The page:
And, it just occurred to me, why the older generation is against therapy. [It’s] because it rocks the foundation of this community, you know, these are hundreds of years on which communities have been built, and then for someone to come in and say ‘by the way, how you’ve been doing things is not really that great’. It shakes the foundation to the core. So it’s really a difficult one to navigate, and I think it will take time, more education, more black therapists training, and more getting people into therapy. But that’s a whole other conversation, really.
Having said that, as a black person, it might be easier to go to a white [therapist], because I won’t feel judged. It’s that nuanced as well. I don’t think it’s clear cut, although someone could argue going to a black therapist, they will understand where I’m coming from. That helps, especially when there’s shame involved and fear of judgment.
It maybe goes back to the community aspect – about creating safety and, you know, having wider conversations about the things that bring shame within us, within the community, and so on. This is one subject that I’m really passionate about; it’s how gay black people are ostracised within their own [black] community and have no one to talk to. So, it’s like, can we be open about these things that are real? But there’s a shame within us.
I can imagine a black gay man would find it hard to go to a black therapist because there is that fear of judgement and not understanding. I think that more open conversations in the community will help. But also, it’s going to take years of undoing. And there’s a lot of opposition that comes with that. ‘How dare you shake up… these are our foundations, we don’t believe in this’. There’s culture, there’s religion, which makes it really hard to speak out against certain things. Sexuality is… you know… there’s a backlash that comes with that.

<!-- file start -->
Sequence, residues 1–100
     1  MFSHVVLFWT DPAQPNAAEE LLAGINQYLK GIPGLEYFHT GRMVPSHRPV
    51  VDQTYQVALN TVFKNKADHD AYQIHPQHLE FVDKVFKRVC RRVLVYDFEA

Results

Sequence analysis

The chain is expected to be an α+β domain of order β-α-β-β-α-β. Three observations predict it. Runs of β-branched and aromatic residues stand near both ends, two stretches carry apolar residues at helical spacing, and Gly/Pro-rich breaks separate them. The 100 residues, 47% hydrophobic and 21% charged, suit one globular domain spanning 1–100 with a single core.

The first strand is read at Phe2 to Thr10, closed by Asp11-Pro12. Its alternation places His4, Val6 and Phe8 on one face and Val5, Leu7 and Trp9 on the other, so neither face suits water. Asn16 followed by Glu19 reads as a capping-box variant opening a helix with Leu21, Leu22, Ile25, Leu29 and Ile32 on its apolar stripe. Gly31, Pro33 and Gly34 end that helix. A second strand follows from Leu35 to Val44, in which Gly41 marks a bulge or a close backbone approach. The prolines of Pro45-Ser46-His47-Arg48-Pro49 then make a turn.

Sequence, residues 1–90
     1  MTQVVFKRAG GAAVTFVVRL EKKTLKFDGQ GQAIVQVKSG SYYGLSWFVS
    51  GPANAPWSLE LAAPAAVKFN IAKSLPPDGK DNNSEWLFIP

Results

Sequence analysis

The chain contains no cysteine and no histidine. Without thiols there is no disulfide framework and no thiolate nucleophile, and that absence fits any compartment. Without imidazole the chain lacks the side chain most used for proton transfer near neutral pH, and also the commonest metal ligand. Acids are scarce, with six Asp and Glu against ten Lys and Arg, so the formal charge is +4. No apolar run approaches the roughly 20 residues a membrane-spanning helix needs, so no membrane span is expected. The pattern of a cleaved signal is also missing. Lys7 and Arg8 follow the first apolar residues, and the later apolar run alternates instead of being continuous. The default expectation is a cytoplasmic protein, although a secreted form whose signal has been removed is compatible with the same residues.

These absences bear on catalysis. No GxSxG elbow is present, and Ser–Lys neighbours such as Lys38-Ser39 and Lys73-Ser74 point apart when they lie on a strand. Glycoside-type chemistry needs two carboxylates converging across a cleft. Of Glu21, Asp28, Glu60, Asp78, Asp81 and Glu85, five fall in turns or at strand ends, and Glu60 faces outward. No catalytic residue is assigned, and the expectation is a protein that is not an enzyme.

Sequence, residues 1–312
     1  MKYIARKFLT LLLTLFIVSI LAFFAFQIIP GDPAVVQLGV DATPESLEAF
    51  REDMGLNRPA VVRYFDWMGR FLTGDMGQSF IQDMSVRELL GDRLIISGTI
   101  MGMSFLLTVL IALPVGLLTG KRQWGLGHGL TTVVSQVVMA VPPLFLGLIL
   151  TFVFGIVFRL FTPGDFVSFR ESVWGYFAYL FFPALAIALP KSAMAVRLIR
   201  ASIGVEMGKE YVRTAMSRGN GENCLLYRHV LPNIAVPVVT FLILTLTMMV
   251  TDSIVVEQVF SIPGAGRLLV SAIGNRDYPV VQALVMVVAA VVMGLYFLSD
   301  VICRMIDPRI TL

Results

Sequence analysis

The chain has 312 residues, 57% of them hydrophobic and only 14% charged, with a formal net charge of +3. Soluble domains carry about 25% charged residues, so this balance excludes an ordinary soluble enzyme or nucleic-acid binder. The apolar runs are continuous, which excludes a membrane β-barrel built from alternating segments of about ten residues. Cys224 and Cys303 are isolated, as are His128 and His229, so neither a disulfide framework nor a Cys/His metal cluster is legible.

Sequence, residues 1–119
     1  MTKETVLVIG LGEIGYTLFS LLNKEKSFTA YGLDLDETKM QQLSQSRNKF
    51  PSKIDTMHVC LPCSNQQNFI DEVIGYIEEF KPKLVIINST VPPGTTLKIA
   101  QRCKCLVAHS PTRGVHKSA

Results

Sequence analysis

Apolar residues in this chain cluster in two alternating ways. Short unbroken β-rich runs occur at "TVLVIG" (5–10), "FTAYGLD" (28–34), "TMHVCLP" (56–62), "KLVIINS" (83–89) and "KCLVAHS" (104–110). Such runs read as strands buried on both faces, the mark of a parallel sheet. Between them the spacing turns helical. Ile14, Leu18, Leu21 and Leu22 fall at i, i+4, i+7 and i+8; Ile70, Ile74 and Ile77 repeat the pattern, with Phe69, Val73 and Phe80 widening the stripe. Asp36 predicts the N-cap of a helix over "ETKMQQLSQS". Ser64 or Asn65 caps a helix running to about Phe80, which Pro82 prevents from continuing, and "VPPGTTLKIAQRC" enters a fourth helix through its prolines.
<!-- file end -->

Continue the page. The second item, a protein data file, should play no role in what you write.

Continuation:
You know, there’s that respect of; ‘these are the values’ and also understanding; ‘okay, you needed these values to survive, so how can we integrate ourselves in a new way?’ And I think that’s going to take years.
Another area that I’m really passionate about is the men. Women are more open to therapy than men and, with men there is the whole ‘be strong’ message and ‘going to therapy is a sign of weakness’. So there’s being black, but then there’s also being a black man as well. It would be nice if there were more male therapists, and men being encouraged to come to therapy, to be that vulnerable, to explore stuff.
Violet on Working with Difference and Diversity in her Therapy Room
So, in my therapy room, I’ve learned to be curious. I actually had a very recent example where […] my very first couple was a lesbian couple, and initially, I was approaching it from the perspective of ‘it’s a relationship’, and then I realised, through supervision, that me approaching it like that is the same way as someone saying ‘I don’t see colour’. So, I had to learn to be curious and educate myself about what might be different about lesbian relationships, how do lesbians conduct their relationships, and so on. And it’s the same about colour, someone understanding the aspects of the black community, the different nuances, and not saying ‘all black people are the same’, because it’s layers within layers, you know? It’s all layered.